Success Fees Are An Integral Part Of An Investment Bank’s Compensation. Here’s Why That’s Worth Reconsidering.
Fiduciary duty is a core tenet of any good wealth manager’s principles. Many founders and owners I speak with pride themselves on not selling mutual funds, having fully open architecture and not selling insurance products. Why? Because they want their clients to believe that their manager is aligned with their best interests. That they are not charging fees or pushing product to generate additional revenue.
Yet, when it comes time to hire an M&A representative, owners often turn to investment banks who receive the majority of their deal compensation in the form of a success fee. The misalignment between client and service provider is stark. In my experience, clients often have a hard time believing that their representative is truly working in their best interest when they are incentivized to close a deal for top dollar.
And how do you convince them otherwise? It is a difficult task, especially as a deal progresses and a client is forced to make hard choices, ostensibly with the help of a trusted advisor.
Success Fees As Deal Closers
The natural argument for a success fee is that the representative will get the deal done quickly for a buyer, and for top dollar for the seller. An easy comparison is a real estate agent – someone who will put a house on the market and negotiate tooth and nail to get the best deal done for the client, all for a small percentage of the sale price.
The difference is that after you sell your house you don’t have to live with the buyer.
Wealth management is a unique beast, in that the only true asset of value is the relationship between the wealth managers and their clients. Top dollar becomes meaningless if your clients or employees run for the hills six months after closing. A deal done quickly with the wrong party is a bad deal, especially if you overpaid to boot.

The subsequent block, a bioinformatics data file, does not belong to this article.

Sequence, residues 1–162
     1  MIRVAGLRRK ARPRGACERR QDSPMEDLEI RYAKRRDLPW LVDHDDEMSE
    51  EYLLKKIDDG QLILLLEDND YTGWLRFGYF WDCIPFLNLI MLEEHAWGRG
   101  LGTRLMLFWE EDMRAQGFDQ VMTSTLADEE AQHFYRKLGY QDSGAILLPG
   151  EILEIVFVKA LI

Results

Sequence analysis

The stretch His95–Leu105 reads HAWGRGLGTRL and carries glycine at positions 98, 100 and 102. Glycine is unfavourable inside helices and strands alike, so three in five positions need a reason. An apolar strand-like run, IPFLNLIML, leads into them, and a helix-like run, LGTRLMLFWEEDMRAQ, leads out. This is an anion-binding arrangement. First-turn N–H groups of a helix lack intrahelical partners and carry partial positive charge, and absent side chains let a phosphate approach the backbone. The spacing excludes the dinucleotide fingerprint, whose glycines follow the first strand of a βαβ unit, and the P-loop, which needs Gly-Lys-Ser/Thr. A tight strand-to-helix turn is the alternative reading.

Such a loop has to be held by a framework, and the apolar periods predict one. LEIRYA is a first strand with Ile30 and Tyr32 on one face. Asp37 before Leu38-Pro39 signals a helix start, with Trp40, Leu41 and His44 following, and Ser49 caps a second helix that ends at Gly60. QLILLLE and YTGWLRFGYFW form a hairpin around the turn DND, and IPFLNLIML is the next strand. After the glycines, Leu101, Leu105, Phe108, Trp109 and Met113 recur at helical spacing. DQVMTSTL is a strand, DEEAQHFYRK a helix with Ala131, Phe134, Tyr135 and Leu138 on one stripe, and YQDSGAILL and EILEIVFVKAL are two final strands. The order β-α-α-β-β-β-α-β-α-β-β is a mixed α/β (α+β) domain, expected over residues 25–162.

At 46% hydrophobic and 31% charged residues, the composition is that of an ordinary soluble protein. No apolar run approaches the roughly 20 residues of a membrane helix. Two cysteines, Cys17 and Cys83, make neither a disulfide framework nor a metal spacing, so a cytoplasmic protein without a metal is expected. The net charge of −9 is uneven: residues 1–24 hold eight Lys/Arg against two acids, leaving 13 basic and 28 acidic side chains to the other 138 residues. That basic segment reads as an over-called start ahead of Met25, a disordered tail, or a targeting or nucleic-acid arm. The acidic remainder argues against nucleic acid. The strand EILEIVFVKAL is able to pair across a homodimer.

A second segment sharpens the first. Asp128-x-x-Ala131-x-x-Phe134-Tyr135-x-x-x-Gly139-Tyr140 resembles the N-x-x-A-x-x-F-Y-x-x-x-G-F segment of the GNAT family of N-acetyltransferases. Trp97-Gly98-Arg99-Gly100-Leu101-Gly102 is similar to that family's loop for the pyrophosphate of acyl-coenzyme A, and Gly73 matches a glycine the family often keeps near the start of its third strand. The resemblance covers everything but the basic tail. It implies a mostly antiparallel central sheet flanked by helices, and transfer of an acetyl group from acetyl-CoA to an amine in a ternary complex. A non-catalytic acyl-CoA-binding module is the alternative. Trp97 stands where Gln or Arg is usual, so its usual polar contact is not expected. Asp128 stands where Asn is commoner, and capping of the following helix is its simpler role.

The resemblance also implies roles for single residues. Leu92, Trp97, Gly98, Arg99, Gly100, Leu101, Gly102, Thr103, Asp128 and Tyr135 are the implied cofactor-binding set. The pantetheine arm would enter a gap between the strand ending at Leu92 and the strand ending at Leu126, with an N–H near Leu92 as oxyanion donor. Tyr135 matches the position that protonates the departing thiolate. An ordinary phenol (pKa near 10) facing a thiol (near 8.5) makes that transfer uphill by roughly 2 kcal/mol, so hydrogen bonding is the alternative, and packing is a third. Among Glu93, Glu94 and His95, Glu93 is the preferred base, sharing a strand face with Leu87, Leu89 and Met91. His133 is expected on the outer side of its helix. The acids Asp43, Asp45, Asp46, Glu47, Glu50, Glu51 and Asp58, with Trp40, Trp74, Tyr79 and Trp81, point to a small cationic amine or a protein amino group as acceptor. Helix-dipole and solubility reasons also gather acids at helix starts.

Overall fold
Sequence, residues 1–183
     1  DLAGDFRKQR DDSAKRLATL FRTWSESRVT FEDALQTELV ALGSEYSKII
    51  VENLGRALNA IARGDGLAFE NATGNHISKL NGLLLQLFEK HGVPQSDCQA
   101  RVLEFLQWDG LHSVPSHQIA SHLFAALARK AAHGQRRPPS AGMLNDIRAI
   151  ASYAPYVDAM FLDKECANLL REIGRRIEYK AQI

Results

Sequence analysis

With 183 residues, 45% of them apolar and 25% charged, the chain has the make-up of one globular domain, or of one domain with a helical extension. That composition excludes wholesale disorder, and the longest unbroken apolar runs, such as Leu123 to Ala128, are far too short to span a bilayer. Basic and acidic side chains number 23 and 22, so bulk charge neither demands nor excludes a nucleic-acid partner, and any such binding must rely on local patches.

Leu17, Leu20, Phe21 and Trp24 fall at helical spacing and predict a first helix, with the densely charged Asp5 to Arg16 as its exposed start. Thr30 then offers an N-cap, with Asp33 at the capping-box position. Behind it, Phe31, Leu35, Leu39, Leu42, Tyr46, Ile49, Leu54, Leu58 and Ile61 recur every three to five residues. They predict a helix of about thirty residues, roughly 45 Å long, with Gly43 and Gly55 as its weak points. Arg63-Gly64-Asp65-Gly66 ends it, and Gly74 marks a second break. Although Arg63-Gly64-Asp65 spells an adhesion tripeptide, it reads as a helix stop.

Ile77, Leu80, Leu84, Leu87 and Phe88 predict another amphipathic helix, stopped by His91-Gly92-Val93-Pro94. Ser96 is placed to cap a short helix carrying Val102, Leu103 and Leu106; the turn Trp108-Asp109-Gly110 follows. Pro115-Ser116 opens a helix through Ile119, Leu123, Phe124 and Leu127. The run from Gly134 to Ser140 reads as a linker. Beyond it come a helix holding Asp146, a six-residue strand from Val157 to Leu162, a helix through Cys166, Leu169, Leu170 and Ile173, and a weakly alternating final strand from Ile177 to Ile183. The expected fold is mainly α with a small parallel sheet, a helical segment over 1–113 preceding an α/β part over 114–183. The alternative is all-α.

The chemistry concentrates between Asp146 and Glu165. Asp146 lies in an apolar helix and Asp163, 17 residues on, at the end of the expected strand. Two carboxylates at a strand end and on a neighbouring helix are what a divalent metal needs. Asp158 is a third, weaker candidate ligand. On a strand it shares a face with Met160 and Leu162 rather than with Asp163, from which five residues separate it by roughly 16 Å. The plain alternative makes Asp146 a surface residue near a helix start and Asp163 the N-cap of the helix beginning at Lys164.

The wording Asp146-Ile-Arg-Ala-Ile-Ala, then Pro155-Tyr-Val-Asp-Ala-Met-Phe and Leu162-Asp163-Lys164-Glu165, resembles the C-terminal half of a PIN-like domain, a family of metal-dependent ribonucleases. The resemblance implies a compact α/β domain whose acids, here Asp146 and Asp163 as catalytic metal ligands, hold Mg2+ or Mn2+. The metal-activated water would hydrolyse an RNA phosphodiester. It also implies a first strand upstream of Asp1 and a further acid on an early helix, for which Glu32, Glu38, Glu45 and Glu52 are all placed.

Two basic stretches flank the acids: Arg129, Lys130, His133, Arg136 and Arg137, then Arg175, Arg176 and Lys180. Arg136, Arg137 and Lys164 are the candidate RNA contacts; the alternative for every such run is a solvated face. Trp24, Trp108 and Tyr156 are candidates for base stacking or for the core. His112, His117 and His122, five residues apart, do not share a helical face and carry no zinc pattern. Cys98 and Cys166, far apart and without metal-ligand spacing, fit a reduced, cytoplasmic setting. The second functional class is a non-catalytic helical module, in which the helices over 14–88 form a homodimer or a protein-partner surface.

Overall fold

To that end, paying a success fee might even make sense in other industries – perhaps a manufacturing plant or trucking company cares less about cultural compatibility than a wealth manager.
In Defense Of The Retainer
Of course, the importance of the right price cannot be understated. Volume and deal prices cannot languish due to lack of incentive for those responsible for making deals happen. However, I think we can agree that the increase in M&A activity over the last few years was not driven by bankers’ sudden need for more success fees.
It is interesting to note that M&A attorneys – the people responsible for the drafting and negotiation of definitive documentation, the people who make sure you are indemnified up the wazoo and don’t end up jobless and drowning in debt – are not paid a success fee for their role in getting a deal done. Nor are the accountants who are responsible for ensuring crucial financial statements are accurate and complete.
Every other M&A service provider is paid quite well to do their jobs (no one plays the violin for their attorney as they wire over money at closing) but none to the extent of the success fee. Yet they still work as diligently and efficiently as possible to bring a deal to completion.
Many investment banks charge a retainer fee – some monthly, some upfront – in addition to a success fee. So perhaps the question is, why isn’t the retainer enough to ensure that a deal is done in a timely and fair manner?
An argument could be that as an investment bank increases in scale it relies more heavily on a success fee to pay for the four- or five-person team working on a deal. But are five people necessary? Perhaps that decision is best left to the client’s preference.
A Final Word On M&A Advisors
An M&A representative has a difficult job and provides an important service. Many deals die on the vine because there is no intermediary to move the process along or provide insight into what are considered “market” terms. They act as advocates for the client and bring valuable industry knowledge to the table.
This is all to say that if done correctly an M&A advisor should act in the same capacity as a fiduciary with a client. As an unbiased support system, incentivized only by the best interest of the client.
Jessica Polito is the Founder and Principal of Turkey Hill Management, LLC, an M&A consultancy for wealth management firms.
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